Okay, fast forward to today, we now have to throw in the Middletown By-Pass element. I don’t think any previous traffic study included the By-Pass into their forecasts. QA County does not want anymore truck traffic passing through their section of Rte 301 and onto Rte 50. QA County forecasts, unscientifically, it will be ‘a lot’, whatever ‘a lot’ is. DElDOT says it will be minimal. QA County is conducting their own traffic study right now, pre- and post- By-Pass opening, to get a handle on numbers and then, potentially, argue that there is a need to divert that truck traffic before it gets to QA County, which they contend will be mostly Port of Baltimore/Sparrows Point Industrial Complex truck traffic. Throw in the future growth studies and projections of the Port of Baltimore ….. I-695 is very close to the Bay over there ….. who is admittedly running out of space, well you can see the attraction. Realize the MDTA and the Port are ‘business units’ of MDOT!

            It is a very complex issue, we can all realize, and not to be taken lightly. Those Kent Countians that say “it will never happen here”, well, me, personally, I think we should error on the worse-case-scenario side and work from there. Better to be safe than sorry.

            MDTA tried to keep this under the radar for as long as they could. One of their first objectives was to find a law firm that was a NEPA expert, because they knew they were going to be sued: they openly admit it. Almost 10% of their [our tax money] $5 mil budget is allocated just for that. They realize from past studies and experiences the push back they are going to receive will be significant. They want to dot the Is and cross the Ts so that law suits will be minimized.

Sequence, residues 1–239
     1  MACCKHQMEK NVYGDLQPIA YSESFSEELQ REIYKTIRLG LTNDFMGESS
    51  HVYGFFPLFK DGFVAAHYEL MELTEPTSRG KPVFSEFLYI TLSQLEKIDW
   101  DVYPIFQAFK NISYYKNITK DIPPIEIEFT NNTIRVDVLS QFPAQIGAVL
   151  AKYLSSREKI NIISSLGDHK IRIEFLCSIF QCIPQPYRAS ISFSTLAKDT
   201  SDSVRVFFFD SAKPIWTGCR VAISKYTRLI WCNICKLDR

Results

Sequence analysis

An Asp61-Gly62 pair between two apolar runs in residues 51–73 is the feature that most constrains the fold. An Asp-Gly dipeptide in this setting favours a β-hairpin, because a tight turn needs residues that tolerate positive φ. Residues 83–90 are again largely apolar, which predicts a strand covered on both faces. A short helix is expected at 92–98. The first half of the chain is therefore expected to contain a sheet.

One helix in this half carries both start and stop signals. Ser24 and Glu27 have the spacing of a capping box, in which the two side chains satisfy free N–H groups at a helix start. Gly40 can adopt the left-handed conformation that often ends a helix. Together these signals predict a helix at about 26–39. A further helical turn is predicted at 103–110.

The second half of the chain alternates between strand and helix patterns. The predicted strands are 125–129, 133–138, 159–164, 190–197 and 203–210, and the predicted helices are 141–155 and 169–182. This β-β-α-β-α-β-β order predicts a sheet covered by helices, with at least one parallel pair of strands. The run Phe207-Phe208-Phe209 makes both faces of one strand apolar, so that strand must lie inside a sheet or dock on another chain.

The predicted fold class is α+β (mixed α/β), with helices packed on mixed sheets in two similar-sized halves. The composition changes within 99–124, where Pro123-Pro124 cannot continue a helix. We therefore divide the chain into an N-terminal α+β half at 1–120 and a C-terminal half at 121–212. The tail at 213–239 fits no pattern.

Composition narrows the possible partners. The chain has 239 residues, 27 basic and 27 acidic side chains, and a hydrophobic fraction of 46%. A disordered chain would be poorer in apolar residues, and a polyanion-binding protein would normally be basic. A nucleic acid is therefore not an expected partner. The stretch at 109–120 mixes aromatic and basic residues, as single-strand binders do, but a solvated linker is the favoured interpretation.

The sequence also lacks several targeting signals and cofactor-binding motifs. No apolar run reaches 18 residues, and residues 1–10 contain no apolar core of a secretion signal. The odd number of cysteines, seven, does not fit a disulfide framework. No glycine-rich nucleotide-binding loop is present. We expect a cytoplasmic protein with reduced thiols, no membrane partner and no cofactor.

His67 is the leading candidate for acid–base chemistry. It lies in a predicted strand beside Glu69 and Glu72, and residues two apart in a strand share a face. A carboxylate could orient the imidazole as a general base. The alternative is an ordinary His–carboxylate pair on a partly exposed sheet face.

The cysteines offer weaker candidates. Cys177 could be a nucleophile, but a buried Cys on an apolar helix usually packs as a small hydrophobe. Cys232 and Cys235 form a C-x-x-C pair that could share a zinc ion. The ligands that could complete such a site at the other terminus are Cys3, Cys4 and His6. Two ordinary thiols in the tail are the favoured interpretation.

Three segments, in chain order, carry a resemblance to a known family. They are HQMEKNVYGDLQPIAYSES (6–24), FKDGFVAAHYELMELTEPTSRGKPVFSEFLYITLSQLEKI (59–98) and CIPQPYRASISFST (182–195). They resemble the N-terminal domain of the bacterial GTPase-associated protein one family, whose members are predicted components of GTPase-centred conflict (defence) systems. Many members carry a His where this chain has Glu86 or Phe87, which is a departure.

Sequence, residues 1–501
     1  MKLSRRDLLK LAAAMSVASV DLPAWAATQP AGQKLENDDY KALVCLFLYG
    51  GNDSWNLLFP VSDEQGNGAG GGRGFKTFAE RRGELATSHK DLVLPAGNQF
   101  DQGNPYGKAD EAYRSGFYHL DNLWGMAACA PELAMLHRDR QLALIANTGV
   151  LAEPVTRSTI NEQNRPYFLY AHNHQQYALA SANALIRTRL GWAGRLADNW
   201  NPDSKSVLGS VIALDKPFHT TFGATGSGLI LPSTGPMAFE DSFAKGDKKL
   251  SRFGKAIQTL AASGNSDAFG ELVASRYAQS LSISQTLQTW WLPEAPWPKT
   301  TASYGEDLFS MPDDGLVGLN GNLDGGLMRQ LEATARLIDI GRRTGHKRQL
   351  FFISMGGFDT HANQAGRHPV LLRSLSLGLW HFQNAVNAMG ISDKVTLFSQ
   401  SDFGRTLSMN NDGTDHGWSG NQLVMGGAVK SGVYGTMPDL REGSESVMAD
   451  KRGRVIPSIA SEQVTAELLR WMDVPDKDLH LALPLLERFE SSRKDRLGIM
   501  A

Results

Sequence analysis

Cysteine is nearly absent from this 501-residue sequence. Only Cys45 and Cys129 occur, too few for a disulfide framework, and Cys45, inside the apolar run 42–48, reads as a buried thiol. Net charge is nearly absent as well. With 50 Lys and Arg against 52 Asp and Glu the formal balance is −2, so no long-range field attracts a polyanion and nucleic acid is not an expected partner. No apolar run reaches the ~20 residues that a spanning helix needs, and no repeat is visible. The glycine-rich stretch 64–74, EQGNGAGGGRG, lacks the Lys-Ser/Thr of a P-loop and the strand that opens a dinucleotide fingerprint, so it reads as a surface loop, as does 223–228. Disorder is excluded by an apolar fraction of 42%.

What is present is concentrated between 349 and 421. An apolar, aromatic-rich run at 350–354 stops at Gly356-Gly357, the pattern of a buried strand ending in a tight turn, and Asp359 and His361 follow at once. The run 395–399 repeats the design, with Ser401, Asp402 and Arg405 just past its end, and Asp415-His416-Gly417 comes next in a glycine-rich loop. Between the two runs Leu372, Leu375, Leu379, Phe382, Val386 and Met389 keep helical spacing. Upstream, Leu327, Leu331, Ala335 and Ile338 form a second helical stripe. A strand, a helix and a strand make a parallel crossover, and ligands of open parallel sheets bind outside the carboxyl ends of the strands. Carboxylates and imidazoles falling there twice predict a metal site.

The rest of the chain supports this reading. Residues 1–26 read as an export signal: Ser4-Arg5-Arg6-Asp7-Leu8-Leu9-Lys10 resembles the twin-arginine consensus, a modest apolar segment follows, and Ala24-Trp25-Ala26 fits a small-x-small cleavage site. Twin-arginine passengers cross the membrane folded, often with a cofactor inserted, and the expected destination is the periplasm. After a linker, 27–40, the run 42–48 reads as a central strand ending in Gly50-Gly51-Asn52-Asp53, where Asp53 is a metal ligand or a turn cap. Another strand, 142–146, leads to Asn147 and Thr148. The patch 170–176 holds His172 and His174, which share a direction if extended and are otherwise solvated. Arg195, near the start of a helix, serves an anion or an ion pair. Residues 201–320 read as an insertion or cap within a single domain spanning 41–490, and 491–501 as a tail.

Also realize the advertisement for the On-Line Presentation, which crashed, go figure, was only to be published in the Baltimore Sun: no Eastern Shore advertisement for Kent, Talbot or Dorchester Counties was planned, no Northern VA, no Southern MD, and very little Wash, DC advertising. Good Grief! Now how lop-sided would the comments have been if I hadn’t been at a BBRAG meeting and challenged their advertising plan, and told them practically no one on the eastern shore reads the BS. It was only then they reached out to advertise on the eastern shore. But still did not advertise in northern VA, southern MD, or expand DC advertising. Very questionable, indeed. Full transparency, I say not.

            Please, even though it is past the initial Scoping deadline to submit comments, folks should still send their comments and ideas to MDTA’s Ms. Heather Lowe, Program Manager, via this e-mail address
            info@baycrossingstudy.com,
            with a back up submission by snail mail to her at Maryland Transportation Authority, Division of Planning & Program Development, 2310 Broening Highway, Baltimore, MD 21224. If the On-Line Presentation can crash, could their Web site?
            Also, please, send a copy to Ms. Jeanette Mar, Environmental Program Manager, FHWA, as the FHWA is the lead federal agency for the study, at jeanette.mar@dot.gov
            And finally, The Kent Conservation and Preservation Alliance is archiving submitted comments. Please forward your comments to them at
            contact@kentalliance.org

            The reveal of a location, or trustfully the No Build option, by the MDTA will be in late 2019, early 2020. It is essential we don’t fall asleep at the switch or lose interest of this important subject. It is a long haul, we must be vigilant!

            Mike

          • Mike Waal says:

            Ho Bob, et al,

            I wrote an extensive reply to above correspondence, but it has not been added.
            Maybe the editor of the spy can tell me why and I can revise as needed.